Our efforts have meant that people within our school community are now paying greater attention to the impact they have on the environment. Our posters are on display around the school and we have seen a real change in attitude amongst staff and students alike. There are fewer lights on around the school which is reducing energy usage, windows are shut when the heating is on, people are more conscientious about the environment around the school and there is less litter in the area.

Green Schools Revolution has given us the tools to ramp up our eco-activity and the work has now become an integral part of the school community. By doing so may practical eco activities, environmental awareness has become second nature to many of our students, and winning this competition is fantastic recognition for them.’

 

‘We formed a Green Schools Revolution Young Co-operative, concentrating on social enterprise through working with our school community." Susan Kilvington, Lipson Community College

Jean Miller Close



Jean Miller, from South Lanarkshire is a Headteacher at a rural primary school that has been actively involved in Green Schools Revolution since its launch, and is a passionate supporter of the programme.

"I get a real buzz out of making a difference. It makes me feel proud to be part of Green Schools Revolution. Environmental education is so important to us and Green Schools Revolution fits in perfectly, not only with our Science and Social Studies curriculum bit also with our overall school ethos, with a range of collaborative investigative tasks which actively engage and support the Curriculum for Excellence. It’s been hugely valuable, not only to our children, but to their families and out local and wider communities.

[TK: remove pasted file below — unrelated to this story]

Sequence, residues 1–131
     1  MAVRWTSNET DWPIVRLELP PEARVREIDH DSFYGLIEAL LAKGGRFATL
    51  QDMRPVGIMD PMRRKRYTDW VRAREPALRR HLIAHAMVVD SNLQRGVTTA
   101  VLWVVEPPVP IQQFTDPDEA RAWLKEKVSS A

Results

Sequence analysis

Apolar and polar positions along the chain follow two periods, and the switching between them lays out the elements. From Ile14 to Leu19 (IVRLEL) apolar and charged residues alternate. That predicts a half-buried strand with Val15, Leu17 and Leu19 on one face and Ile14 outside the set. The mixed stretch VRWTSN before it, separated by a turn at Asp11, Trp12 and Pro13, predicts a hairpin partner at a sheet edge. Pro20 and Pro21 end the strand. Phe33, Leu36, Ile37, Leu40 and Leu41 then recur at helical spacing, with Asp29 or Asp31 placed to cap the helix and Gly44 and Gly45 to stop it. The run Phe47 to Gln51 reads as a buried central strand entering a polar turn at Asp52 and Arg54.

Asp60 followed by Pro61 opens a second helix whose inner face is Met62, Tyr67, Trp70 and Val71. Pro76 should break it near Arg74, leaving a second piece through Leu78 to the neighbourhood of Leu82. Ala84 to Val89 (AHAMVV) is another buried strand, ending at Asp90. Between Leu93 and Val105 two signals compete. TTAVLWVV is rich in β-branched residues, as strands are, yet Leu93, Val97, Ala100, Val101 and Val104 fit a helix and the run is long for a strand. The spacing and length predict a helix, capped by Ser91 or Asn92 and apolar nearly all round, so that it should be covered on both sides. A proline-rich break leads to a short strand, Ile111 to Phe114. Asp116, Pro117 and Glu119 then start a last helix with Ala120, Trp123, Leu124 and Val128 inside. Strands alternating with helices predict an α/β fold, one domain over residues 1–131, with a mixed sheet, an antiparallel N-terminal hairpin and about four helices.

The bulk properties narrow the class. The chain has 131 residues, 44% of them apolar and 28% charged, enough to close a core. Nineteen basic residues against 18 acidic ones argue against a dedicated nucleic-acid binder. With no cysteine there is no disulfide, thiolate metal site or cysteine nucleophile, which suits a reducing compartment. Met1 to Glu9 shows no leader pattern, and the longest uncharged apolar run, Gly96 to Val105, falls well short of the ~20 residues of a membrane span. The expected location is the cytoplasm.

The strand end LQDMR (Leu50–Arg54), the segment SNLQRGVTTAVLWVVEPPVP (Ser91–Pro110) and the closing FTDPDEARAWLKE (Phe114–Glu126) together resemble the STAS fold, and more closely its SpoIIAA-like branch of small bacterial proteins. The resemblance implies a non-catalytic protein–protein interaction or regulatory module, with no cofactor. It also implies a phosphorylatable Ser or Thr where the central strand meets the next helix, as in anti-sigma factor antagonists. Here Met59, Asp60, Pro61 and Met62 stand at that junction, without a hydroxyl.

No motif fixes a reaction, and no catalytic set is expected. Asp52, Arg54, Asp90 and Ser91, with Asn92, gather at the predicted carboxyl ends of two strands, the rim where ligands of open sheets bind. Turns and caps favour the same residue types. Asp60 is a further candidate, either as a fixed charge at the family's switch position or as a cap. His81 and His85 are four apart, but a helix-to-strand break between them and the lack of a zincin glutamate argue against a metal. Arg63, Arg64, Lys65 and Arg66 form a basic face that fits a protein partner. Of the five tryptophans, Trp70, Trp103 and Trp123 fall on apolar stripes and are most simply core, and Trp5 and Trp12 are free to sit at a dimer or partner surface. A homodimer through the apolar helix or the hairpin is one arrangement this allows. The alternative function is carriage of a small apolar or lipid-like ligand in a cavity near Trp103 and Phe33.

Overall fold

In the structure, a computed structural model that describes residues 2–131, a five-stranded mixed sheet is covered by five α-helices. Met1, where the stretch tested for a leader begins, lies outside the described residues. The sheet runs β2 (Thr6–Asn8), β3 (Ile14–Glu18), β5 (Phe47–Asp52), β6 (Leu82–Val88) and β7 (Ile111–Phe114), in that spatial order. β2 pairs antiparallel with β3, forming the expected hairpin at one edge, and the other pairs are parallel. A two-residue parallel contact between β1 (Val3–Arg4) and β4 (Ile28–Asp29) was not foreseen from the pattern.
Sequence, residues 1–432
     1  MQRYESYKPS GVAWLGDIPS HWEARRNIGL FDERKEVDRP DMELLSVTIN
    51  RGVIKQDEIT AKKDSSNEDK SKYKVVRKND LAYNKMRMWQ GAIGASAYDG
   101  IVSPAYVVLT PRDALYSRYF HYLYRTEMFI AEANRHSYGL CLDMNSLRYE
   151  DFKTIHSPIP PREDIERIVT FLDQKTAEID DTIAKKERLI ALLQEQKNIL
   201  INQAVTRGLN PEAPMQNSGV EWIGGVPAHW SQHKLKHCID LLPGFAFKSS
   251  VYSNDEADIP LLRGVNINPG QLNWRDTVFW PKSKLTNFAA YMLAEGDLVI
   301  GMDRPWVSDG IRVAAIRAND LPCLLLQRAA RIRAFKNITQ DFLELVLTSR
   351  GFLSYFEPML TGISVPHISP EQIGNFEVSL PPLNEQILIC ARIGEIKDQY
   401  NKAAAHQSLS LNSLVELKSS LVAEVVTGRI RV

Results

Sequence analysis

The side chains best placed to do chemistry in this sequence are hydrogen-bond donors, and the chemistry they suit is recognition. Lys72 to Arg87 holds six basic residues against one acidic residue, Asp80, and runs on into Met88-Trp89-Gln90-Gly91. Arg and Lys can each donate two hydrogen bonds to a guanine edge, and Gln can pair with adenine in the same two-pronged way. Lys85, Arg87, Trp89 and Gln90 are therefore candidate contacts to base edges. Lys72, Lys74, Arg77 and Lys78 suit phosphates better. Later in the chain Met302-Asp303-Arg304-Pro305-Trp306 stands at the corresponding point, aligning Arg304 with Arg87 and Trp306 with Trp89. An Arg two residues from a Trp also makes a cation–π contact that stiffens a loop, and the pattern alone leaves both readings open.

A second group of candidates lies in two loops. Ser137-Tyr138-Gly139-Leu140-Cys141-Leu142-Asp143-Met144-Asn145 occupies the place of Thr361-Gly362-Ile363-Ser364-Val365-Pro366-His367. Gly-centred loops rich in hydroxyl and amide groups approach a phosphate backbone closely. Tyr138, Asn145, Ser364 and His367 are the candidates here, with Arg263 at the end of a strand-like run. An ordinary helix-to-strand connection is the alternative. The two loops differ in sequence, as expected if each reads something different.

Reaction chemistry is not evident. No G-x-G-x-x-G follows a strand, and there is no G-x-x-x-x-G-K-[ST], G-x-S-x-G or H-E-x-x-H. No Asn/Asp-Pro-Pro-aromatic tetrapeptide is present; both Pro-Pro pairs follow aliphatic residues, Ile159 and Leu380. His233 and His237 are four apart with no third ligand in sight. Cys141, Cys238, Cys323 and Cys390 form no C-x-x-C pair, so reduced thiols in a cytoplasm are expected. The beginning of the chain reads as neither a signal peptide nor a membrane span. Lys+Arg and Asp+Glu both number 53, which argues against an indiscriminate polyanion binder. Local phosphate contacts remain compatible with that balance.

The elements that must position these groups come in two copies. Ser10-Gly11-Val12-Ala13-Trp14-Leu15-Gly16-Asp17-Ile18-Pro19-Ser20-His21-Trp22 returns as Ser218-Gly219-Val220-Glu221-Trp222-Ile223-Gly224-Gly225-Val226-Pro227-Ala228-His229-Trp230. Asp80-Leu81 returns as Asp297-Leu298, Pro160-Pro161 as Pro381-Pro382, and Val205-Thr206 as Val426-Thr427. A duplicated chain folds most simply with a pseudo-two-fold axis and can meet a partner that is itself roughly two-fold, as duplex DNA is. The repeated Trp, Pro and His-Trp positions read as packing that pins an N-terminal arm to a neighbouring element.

We’re also aiming to attract more wildlife around the school and promote community engagement. I’d thoroughly recommend to any schools wanting to become more sustainable to find out more about the Green Schools Revolution and be part of it.’

If Jean’s story has inspired you to sign up, then register now!

“I get a real buzz out of making a difference. It makes me feel proud to be part of Green Schools Revolution.”

Glebelands Primary Close

In the past year, more than 500 primary schools have put on their wellie boots and experienced for themselves how food is grown on a Co-operative Farm.